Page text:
Rasul “Rocky” Clark. Pic courtesy of the Chicago Tribune.
Rasul “Rocky” Clark was a backup running back for Eisenhower High School in Blue Island, Illinois. After the starter separated shoulder during a game in 2000, Rocky finally had his chance to get a few carries. Four plays in, a tackle left him with two broken vertebrae and a damaged spinal cord.
Despite this, the newly-quadriplegic Rocky managed to thrive, pursuing interests in art and poetry. His success was due in no small part thanks to the excellent medical care he received thanks to an insurance policy provided by Community High School District 218. The costs of services like round-the-clock nursing care added up, however, and this policy had a $5 million lifetime cap. The insurance agency, Health Special Risk Inc, summarily dropped him.
The results were heartbreaking. From the Chicago Tribune:
At the time his policy ended, Clark said he felt he was being punished for living too long. Many quadriplegics die within 10 years after their injury because of lung or kidney failure. But Clark was able to thrive, in part because of the meticulous health care he received, his physician and family members said.
After losing coverage, Clark relied on Medicaid, some state support and his mother, Annette, who did her best to perform the work formerly handled by three nurses.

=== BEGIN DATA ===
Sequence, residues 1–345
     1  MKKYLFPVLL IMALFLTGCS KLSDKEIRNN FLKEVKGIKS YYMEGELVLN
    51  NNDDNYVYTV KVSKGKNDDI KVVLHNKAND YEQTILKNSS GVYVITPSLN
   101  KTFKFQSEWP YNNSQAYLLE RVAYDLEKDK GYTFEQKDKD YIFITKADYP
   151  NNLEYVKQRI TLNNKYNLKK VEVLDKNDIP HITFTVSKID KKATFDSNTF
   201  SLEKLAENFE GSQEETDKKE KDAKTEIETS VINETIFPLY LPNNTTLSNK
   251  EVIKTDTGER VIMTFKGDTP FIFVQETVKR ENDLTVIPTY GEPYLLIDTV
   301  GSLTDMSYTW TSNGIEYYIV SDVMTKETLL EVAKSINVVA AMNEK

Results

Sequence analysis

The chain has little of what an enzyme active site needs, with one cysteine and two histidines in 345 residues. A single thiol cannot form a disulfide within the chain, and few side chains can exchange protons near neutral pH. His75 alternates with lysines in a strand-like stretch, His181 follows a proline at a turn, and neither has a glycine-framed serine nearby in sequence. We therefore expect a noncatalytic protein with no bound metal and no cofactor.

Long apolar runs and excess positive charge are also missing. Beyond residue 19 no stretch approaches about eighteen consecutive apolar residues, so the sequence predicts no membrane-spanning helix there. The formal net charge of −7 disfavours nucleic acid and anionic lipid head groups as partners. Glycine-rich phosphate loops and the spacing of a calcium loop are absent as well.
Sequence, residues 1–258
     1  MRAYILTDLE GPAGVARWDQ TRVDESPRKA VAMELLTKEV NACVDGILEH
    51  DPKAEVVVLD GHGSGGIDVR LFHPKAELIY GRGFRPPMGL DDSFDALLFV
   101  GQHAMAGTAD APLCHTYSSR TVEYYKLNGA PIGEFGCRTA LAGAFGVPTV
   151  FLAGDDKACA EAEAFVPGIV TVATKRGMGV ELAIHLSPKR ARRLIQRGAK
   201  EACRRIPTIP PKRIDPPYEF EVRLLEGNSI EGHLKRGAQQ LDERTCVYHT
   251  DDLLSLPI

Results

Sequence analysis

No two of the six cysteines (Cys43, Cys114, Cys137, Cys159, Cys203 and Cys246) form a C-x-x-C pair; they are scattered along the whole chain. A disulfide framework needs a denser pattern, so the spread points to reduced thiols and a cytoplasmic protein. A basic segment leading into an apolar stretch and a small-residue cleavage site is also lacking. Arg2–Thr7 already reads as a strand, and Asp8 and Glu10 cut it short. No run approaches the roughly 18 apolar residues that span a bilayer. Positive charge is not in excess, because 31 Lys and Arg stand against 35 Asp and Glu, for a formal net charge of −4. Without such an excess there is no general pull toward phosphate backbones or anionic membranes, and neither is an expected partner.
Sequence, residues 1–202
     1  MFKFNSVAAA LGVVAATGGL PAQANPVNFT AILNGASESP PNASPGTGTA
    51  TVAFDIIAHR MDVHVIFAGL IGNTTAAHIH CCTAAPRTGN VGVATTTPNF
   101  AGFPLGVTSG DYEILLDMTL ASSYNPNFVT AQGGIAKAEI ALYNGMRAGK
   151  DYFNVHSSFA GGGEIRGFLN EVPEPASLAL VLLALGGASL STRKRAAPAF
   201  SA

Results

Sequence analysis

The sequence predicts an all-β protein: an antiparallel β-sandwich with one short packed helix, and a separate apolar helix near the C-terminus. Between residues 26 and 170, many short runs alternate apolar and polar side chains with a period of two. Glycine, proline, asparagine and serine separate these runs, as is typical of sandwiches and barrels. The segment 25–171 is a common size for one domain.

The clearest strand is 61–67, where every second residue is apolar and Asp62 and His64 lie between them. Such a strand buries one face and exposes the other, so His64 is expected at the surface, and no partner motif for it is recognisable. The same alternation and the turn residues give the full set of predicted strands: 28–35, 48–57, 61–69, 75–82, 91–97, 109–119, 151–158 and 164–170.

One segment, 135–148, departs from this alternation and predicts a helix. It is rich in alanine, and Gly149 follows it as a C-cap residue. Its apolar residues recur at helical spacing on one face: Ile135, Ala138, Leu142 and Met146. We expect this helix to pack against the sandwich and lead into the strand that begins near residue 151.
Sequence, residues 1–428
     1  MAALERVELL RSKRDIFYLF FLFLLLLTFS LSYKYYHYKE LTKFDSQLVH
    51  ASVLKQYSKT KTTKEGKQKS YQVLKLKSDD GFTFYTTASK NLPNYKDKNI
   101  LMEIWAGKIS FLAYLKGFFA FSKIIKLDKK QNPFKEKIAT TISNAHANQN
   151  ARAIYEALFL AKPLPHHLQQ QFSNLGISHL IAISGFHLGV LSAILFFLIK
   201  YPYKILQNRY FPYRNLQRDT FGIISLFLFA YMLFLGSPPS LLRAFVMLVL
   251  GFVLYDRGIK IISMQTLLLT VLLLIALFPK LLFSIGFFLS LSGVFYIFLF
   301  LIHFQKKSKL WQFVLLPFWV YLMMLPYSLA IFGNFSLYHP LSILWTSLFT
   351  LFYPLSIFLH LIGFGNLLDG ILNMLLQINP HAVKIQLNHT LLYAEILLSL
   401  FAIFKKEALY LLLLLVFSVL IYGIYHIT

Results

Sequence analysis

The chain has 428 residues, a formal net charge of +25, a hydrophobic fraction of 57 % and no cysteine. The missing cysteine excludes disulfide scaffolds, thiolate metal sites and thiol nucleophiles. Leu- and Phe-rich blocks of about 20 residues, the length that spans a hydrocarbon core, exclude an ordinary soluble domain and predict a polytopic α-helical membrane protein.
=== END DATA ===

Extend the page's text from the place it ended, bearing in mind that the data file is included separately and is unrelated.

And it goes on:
The loss of coverage also meant Clark could no longer afford to have helpers take him to his former school to give pep talks or volunteer as a coach. He had hoped to enroll in college art classes but could not pay for them after the policy expired.
Rocky passed away on Thursday at age 27.
The failure here is the failure of all of us. When we allow health care to be doled out based almost solely on profits, we participate in a culture that has little compunction about kicking a man like Rocky to the curb when he gets “too expensive,” too harsh on the bottom-line. This man–this artist, poet, and athlete who loved his mother and had a megawatt smile–deserved to be treated as more than number on the liabilities ledger of Health Special Risk Inc.
Angry and vitriolic conversations about the abstract ideas surrounding health care frequently miss the mark. The heart of the issue is not about pie in the sky philosophies and ideologies; it’s about real people, people like Rocky.